Many of my friends' children rely on medicine unlicensed in the UK and imported from Europe. They rely daily on an already strained NHS and a broken Social Care system that Farage and others have been clear will not fare better outside the EU.
These children's lives, horribly difficult though austerity has made them in the last few years, have at least until now had their rights protected and promoted by EU legislation to which their parents have had frequent recourse.
Parents of disabled children have been among the most passionate and eloquent Remain campaigners. As always, they have been among the least heard in the noisier debates about immigration and the economy. There are lots of other reasons to be apprehensive and worried about today's referendum vote. I know many parents of disabled children who are extremely scared.
The pragmatic view on Brexit - from columnist, Bren Prendergast
Our newest columnist, Bren Prendergast (whose next column will be on Access Arrangements for exams) likens Brexit to the some legislation closer to home - but agrees that it's our children with rare conditions who are likely to feel withdrawing from the EU the most.
I suppose my view on Brexit is a pragmatic one, we have what we have and now we have to work with it, like the Children & Families Act. While it is far from a forgone conclusion that we will actually leave the EU, what is in the here & now is the devaluation of the pound and the very real possibility of a recession. Those already struggling to keep their heads above water, and struggling to get the provisions that their children need, are likely to be in for a very bumpy ride. As we already know with 'austerity' measures, it is the most vulnerable that are the most exposed to cuts.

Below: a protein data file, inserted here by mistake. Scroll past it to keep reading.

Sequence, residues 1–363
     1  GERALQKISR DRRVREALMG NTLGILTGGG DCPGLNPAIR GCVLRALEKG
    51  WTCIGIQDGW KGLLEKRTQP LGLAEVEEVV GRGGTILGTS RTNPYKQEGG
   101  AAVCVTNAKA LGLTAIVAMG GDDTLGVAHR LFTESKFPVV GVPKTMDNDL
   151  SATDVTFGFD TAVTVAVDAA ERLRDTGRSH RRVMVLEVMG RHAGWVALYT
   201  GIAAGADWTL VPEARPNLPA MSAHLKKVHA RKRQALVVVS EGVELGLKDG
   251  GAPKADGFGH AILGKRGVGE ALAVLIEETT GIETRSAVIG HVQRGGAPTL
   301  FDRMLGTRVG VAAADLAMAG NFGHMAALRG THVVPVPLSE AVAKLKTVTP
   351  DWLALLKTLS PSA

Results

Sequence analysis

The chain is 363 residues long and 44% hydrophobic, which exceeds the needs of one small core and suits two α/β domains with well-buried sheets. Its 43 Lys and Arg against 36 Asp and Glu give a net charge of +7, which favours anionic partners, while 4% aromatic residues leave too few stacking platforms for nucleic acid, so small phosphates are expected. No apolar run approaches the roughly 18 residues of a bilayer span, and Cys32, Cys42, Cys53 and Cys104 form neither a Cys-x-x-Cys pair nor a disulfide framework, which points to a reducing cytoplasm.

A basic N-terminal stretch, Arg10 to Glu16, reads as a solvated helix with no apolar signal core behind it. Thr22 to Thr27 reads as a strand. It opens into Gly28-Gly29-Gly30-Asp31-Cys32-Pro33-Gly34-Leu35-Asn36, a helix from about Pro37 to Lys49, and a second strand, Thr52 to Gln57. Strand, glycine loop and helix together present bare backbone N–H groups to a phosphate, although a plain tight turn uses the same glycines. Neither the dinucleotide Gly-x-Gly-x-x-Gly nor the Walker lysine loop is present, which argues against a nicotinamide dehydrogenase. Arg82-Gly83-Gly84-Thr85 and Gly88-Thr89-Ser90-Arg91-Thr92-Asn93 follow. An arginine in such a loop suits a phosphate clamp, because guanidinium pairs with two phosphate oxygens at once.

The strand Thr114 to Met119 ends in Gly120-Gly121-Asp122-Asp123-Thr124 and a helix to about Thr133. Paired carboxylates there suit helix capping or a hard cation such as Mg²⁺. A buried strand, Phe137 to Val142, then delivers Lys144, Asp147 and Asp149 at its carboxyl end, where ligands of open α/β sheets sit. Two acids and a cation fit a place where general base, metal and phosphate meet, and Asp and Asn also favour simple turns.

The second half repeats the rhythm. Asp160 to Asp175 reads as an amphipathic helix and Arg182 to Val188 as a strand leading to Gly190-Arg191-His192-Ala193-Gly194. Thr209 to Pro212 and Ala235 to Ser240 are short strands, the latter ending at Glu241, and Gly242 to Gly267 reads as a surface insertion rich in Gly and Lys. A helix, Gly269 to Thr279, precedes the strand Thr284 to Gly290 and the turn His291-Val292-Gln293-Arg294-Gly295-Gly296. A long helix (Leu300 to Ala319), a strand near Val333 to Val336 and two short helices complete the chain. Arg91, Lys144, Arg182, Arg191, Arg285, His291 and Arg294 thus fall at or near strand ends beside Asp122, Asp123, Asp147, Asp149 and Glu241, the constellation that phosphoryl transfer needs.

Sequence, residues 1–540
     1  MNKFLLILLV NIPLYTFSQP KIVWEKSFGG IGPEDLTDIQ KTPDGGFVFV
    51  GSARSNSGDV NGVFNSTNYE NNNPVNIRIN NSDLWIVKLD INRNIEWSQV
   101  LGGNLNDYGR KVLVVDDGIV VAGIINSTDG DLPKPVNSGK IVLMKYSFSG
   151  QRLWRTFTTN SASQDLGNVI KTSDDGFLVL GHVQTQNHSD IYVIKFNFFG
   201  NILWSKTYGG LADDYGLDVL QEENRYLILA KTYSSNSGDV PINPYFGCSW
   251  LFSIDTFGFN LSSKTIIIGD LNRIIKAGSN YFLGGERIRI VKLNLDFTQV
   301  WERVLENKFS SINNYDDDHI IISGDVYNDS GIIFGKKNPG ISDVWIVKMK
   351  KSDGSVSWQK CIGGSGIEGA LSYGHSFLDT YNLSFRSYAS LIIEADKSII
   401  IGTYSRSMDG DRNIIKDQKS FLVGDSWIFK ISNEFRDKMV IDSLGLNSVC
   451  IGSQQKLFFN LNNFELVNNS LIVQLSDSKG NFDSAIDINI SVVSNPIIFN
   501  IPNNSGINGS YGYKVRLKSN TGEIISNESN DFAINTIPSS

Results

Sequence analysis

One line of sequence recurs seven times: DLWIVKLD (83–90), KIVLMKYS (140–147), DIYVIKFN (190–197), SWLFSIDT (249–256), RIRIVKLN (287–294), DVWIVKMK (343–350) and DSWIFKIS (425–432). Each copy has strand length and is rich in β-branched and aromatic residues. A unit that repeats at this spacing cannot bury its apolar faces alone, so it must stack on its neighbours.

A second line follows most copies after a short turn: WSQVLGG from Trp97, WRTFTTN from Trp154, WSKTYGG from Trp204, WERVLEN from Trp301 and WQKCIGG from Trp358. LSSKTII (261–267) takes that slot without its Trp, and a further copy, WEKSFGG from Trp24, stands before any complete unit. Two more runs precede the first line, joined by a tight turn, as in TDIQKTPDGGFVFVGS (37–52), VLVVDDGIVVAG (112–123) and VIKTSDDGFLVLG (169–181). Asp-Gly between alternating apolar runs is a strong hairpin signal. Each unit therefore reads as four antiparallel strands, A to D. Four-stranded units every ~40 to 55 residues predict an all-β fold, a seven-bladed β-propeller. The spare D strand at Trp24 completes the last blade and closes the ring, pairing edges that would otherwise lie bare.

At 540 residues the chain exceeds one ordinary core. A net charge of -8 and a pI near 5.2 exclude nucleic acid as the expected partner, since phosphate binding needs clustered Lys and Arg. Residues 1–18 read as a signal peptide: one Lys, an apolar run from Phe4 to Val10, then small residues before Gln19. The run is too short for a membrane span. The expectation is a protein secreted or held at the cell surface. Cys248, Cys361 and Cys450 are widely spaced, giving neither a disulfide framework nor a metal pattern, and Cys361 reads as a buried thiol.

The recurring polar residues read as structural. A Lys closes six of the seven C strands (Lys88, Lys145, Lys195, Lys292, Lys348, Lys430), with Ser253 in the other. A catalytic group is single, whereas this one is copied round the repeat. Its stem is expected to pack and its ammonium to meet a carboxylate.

Schools & colleges need to lead the way, they need to support and model egalitarian principles, not only for kids with SEND, but for kids too. Families can be too proud to claim free school meals and ask for assistance with funding trips. Schools need to consider what funds they are asking parents to contribute to and adjust venues/arrange breakfast clubs to accommodate all. Children and young people with SEND may also be immigrants - a double whammy for them.
In essence, I'm promoting the philosophy of Reggio Emilia approach and extending it into secondary and Further Education. Schools & colleges must do what they can to both cushion its children and young people from the effects of further austerity and promote & model good human values.
More impact is likely to be felt by children who have a rare condition. Many research projects rely on EU funds to work on discovering the genetics, causes and potential treatments for conditions which few people in any one country have but when you look further across Europe and to the wider world
Your views on #Brexit and its effect on children with disabilities?
What are your views? Did you vote out and feel children and families will benefit from being outside the European Union, or did you vote remain and are fearful about the future? Or, did you not bother to vote and are now regretting it? Tell us in the comments.
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She is also an experienced broadcast and print journalist & author. Tania also runs a PR, web & social media consultancy, SocialOro Media. She is a Rare Disease & chronic pain patient advocate with Ehlers Danlos syndrome.
Latest posts by Tania Tirraoro (see all)
- SEND Tribunal trial extended – but it needs more than just time to be a success - November 5, 2019
- Launching the SEND Community Alliance: An independent campaign group - November 1, 2019
- When is a significant injustice to a disabled child, not a significant injustice? - October 29, 2019